This item was provided by them for the purpose of having it reviewed on this KitMaker Network site. If you would like your kit, book, or product reviewed, please contact us.
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About Scott Espin (Spiff)
FROM: NEVADA, UNITED STATES

I have been an avid student of military history for over 35 years, especially World War II with my focus mostly on German military equipment (tanks and aircraft). I'm especially interested in anything relating to the Eastern Front and North Africa. My Dad ignited my passion for modeling when I...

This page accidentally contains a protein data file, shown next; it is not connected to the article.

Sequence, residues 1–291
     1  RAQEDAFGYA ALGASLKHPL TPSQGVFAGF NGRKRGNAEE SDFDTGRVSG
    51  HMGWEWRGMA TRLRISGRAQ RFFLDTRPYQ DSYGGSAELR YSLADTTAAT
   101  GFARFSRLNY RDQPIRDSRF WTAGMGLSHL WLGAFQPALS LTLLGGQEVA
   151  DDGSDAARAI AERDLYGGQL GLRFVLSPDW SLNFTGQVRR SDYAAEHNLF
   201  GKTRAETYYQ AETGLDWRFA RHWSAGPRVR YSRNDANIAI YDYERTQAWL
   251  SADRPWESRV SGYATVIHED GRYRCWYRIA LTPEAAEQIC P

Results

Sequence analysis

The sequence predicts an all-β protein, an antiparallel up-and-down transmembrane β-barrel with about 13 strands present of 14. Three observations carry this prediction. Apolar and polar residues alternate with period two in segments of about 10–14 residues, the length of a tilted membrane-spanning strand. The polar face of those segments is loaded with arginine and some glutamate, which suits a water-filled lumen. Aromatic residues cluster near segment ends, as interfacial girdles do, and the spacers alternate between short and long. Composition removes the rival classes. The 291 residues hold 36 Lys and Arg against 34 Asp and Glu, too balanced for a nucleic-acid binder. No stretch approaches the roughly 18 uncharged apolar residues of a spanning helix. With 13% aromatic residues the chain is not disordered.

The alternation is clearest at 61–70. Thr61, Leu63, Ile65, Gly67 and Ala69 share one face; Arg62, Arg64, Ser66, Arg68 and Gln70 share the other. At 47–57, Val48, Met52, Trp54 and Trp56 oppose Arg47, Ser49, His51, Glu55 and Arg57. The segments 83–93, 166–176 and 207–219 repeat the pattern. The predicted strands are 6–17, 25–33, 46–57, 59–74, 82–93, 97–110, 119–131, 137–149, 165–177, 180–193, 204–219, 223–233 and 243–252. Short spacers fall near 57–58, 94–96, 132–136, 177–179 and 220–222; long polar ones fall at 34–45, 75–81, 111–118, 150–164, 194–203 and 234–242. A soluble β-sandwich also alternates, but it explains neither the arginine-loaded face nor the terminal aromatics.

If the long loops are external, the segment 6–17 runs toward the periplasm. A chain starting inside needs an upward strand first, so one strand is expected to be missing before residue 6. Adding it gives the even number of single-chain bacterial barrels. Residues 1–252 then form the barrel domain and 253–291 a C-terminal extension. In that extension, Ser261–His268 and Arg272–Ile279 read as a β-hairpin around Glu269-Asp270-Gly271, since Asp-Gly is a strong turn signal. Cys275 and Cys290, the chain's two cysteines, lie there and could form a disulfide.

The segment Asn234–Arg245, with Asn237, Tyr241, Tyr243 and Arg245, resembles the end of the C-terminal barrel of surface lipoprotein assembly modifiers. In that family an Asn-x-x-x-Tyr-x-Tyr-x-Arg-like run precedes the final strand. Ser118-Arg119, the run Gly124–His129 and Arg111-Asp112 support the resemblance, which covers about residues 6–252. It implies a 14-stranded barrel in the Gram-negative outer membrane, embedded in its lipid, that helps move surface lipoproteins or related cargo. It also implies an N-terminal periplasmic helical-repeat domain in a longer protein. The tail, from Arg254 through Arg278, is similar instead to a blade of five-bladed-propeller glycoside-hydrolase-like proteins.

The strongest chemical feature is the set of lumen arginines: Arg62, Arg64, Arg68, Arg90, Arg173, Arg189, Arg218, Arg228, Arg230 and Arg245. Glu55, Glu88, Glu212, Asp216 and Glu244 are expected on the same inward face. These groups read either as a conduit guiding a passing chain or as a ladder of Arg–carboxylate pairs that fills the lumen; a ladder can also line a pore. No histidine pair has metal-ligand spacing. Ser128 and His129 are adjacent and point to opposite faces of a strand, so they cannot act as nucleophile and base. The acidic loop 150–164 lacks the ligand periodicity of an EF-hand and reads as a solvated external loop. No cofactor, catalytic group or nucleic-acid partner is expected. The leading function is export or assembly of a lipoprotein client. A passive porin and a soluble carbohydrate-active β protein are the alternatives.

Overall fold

Copyright ©2017 text by Scott Espin [ SPIFF ]. Images also by copyright holder unless otherwise noted. Opinions expressed are those of the author(s) and not necessarily those of TankRat's. All rights reserved.


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Comments

Thanks Gunny! Just FYI on some of the macro shots I enhanced the contrast a bit to show the details... some of those parts are so small but the detail is fantastic!
DEC 03, 2010 - 10:40 AM
Excellent review,detailed and in-depth, thanks Scott!
DEC 04, 2010 - 08:36 AM
Thank you James!
DEC 04, 2010 - 02:51 PM